How old is lexicography? The surprising answer Jonathon Green gives is: as old as written language. This is rather like maintaining that atlases are coeval with mapmaking. It is not even a half-truth, much less a respectable exaggeration. To make matters worse, the author goes on to date the earliest dictionaries from 2500 bc, which presumably makes writing a much more recent invention than anyone had previously suspected.
In spite of the claim in the preface, this scissors-and-paste compilation is not a history of lexicography. Or if it is, the historian's conception of his subject is myopically focused on English, certainly for the post-Renaissance period. The brothers Grimm are worth just two pages. The whole oriental tradition of lexicography does not even get that. In short, there is nothing here worth calling a comparative perspective.
Although there is a bold early section entitled "What is a lexicographer?", that key question is never satisfactorily answered. It is dodged by the well-known expedient of throwing a dozen conflicting definitions into the arena. In later chapters, the issue is fudged by evasive phrases such as "dictionaries as such", "dictionaries proper", "in the modern, professional sense of the term" and even "in the strictest of senses" (although which that might be is not revealed). All of which leave us none the wiser. The result is that almost any glossary or word-list can be treated, for Green's purposes, as at least a protodictionary produced by a protolexicographer.
The first 100 pages take the reader at break-neck speed from pre-Babylonian Sumer down to the Renaissance. Considering the ground to be covered, some of the details chosen for inclusion are odd. Who really needs to know that the first official printer to the University of Cambridge "died in early August 1588 and was buried on August 9"?
Nor is the information given always entirely reliable. Before 1483, it seems, the only grammar book most English schoolboys knew was one called the Ars Minor, written by St Jerome, and already 1,000 years out of date. The absence of English dictionaries "as such" in the early 16th century is explained by the fact that, in the scholarly world, "there was still no English". What did the uneducated in England speak, then? A "mongrel version" of that language, "blending the remnants of Anglo-Saxon with Norman French". Clearly a desperate linguistic situation, which demanded the rise of British lexicography if all was not to be lost.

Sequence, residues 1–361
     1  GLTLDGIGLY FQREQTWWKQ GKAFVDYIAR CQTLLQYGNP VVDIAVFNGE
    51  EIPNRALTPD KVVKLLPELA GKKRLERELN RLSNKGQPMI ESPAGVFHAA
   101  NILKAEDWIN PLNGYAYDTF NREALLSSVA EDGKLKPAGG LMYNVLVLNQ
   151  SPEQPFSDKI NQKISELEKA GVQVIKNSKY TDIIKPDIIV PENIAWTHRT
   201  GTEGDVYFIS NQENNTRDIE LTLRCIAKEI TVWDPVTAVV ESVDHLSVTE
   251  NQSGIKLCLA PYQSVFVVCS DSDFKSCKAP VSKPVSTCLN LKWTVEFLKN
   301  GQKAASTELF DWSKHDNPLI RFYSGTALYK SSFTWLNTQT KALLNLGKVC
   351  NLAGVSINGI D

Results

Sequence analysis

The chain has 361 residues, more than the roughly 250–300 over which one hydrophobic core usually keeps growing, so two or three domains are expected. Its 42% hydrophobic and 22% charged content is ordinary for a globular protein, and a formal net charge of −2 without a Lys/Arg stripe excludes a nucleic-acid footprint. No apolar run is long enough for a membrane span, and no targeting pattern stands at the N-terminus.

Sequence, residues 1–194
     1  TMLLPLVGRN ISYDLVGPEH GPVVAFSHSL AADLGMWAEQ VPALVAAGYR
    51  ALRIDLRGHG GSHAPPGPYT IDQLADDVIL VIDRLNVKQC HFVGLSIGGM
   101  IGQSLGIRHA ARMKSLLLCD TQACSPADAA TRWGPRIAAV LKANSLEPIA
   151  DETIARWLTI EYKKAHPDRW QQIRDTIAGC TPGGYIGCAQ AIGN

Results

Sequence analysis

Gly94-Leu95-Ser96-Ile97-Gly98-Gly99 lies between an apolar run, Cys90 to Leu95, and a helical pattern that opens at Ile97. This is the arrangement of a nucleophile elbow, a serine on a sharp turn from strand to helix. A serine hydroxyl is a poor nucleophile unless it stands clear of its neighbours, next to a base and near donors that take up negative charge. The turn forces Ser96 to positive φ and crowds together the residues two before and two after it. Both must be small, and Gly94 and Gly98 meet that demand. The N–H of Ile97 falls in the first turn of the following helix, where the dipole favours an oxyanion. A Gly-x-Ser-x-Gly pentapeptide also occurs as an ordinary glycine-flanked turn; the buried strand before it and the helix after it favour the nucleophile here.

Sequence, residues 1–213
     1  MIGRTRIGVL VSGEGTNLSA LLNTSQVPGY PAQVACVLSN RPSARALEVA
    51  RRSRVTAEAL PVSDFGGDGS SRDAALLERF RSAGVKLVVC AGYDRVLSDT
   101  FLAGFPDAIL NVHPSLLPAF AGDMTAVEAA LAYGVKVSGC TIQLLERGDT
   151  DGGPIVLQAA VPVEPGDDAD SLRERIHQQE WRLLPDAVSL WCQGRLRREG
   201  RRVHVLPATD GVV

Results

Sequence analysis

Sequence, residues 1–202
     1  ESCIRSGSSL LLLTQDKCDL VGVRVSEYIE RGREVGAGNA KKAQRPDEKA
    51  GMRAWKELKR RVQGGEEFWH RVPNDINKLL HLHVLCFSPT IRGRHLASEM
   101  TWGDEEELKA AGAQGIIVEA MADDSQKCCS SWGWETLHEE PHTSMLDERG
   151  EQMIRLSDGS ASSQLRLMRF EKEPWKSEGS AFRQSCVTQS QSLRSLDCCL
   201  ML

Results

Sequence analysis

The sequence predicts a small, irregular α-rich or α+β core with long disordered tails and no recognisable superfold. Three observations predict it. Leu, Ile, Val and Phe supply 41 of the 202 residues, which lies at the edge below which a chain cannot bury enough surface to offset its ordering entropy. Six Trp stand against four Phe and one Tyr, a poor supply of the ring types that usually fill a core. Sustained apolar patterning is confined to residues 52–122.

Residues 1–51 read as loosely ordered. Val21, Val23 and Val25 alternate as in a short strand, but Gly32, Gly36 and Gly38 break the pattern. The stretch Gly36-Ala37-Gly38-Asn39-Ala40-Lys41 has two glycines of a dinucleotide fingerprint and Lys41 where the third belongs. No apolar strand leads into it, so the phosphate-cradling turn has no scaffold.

Just how seriously some of this is meant to be taken is not clear. "Scholarly" is an adjective that appears on the dust-jacket. But it is hard to square this with, for example, the theory advanced - apparently with no tongue in cheek - that one of the reasons for the proliferation of polyglot dictionaries in the 16th century was that during the peasant's revolt (several generations previously) many Flemings had perished on English soil because they called bread and cheese "Case and Brode". There is something delightfully Swiftian about the vision of foreigners carrying learned tomes around with them in case of outbreaks of xenophobia among the local population.
There are two chapters on slang dictionaries (nearly all English, of course): a curiously disproportionate allocation of space for any serious history of lexicography, but perhaps pointing to what the author is really interested in.
When the book eventually gets to its predictable heroes - Johnson, Webster, Murray & Co. - it trudges wearily over well-ploughed ground. The title Chasing the Sun comes from the preface to Johnson's dictionary, where it is a simile for the illusory goal of comprehensiveness. How conspicuously inappropriate this is to the aims of many of the forgotten worthies included in Green's history leads one to wonder whether it is not better read as the author's own apologia pro opere suo.
Roy Harris, emeritus professor of general linguistics, University of Oxford, is the editor of Language and Communication.
Chasing the Sun: Dictionary-Makers and the Dictionaries They Made
Author - Jonathon Green
ISBN - 0 224 04010 3
Publisher - Jonathan Cape
Price - £25.00
Pages - 423